A covered entity may also deny an individual access to PHI if a licensed health care professional has determined, based on her professional judgment, any of the following:
Sharing the information would put the individual or another person in danger
The information was obtained from someone other than another health care provider and sharing the information would be reasonably likely to put that person at risk for substantial harm
The request for access is by a personal representative and sharing the information would be reasonably likely to put the subject of the information or another person at substantial risk of harm.
If the individual is denied access for any of these three reasons, the covered entity is required to provide a method for the individual to appeal the denial. Another licensed health care professional must review the decision. The licensed health care professional reviewing the denial must not have been involved in the original decision to deny access. The covered entity is required to abide by the decision of the reviewing official.
The HITECH Act as finalized by the Omnibus Rule added the requirement that the covered entity must provide the PHI in an electronic format if the information is maintained electronically. Although no specific format is required, the covered entity is expected to work with the individual to determine a reasonable, acceptable electronic format for the records. A covered entity is permitted to send records through unencrypted emails provided, however, that the covered entity has “advised the individual of the risk, and the individual still prefers the unencrypted email.”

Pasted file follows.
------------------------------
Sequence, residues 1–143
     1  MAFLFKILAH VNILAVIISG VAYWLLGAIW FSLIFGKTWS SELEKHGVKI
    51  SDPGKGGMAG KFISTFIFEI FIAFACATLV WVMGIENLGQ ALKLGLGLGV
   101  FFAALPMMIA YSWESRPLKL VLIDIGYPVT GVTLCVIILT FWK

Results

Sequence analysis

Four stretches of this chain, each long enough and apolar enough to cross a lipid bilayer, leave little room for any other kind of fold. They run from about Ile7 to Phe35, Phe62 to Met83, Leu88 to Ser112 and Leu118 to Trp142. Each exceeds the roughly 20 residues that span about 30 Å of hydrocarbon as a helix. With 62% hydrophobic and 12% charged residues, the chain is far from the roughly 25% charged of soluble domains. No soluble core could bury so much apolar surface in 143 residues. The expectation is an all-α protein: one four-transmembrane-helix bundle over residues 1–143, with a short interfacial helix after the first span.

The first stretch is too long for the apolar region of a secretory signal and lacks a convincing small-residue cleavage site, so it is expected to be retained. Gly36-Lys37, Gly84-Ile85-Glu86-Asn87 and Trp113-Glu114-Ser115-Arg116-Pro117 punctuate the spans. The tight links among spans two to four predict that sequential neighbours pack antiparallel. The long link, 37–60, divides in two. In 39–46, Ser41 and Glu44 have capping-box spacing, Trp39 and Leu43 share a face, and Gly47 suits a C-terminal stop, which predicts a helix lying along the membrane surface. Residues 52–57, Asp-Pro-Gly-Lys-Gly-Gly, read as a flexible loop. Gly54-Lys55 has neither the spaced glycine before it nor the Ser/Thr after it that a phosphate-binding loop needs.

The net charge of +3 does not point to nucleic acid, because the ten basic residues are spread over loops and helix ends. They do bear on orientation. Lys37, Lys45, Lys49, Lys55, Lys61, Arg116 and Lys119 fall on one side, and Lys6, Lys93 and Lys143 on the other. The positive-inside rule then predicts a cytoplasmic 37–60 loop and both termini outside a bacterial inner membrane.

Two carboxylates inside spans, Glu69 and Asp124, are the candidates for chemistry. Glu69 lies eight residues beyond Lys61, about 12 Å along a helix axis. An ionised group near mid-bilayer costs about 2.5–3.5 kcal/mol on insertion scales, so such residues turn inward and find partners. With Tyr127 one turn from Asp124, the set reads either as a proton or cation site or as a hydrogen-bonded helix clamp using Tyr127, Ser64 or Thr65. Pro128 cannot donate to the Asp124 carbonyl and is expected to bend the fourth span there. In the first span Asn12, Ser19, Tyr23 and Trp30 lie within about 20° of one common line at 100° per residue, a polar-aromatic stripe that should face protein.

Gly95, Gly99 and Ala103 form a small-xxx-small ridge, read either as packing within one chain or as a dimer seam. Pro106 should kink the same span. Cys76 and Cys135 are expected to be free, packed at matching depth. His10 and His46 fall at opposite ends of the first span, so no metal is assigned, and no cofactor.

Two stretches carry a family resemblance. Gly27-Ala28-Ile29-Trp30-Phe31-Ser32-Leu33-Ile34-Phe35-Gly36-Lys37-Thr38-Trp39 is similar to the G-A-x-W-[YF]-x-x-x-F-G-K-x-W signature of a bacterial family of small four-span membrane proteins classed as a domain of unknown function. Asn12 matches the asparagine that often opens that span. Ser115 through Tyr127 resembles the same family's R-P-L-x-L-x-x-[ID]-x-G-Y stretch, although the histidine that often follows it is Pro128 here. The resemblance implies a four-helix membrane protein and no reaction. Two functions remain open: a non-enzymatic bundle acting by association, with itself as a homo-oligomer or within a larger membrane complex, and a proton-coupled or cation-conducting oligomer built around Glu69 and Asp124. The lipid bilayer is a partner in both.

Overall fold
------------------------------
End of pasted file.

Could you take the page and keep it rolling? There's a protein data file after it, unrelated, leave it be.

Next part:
Right to an Amendment of Protected Health Information
An individual may believe certain information in their health record is inaccurate or incomplete, and the individual has the right to request that the covered entity amend the information.
The covered entity may correct the record in a manner consistent with the entity’s policies and procedures if the information is incorrect. Note that as a general rule, original information documented in a medical record should not be altered in such a way as to completely eliminate the information.
A covered entity is not always required to make the requested amendment to the record. If the covered entity has determined that the record is accurate and complete, the individual’s request for the amendment may be denied. The covered entity may also deny requests for other reasons. One reason is that the information was not generated by the covered entity. Another reason is that the individual wishes to amend information that he or she is not entitled to access, or that the information is not part of the designated record set.
Right to Request Restrictions
An individual may request additional restrictions on the uses and disclosures of PHI when the use or disclosure is for treatment, payment or health care operations, or the disclosure is to a family member, friend or another individual involved in the patient’s care or payment for the care. These are the only uses and disclosures that the individual is allowed to further restrict.
The privacy rule is very explicit. While an individual has the right to request a restriction, the covered entity is under no obligation to agree to the restriction. If a covered entity does agree to the additional restriction on the use or disclosure of PHI, then the covered entity is bound by its agreement. Generally, the administrative burden of monitoring such restrictions for a covered entity of any significant size makes agreeing to the restrictions overly burdensome.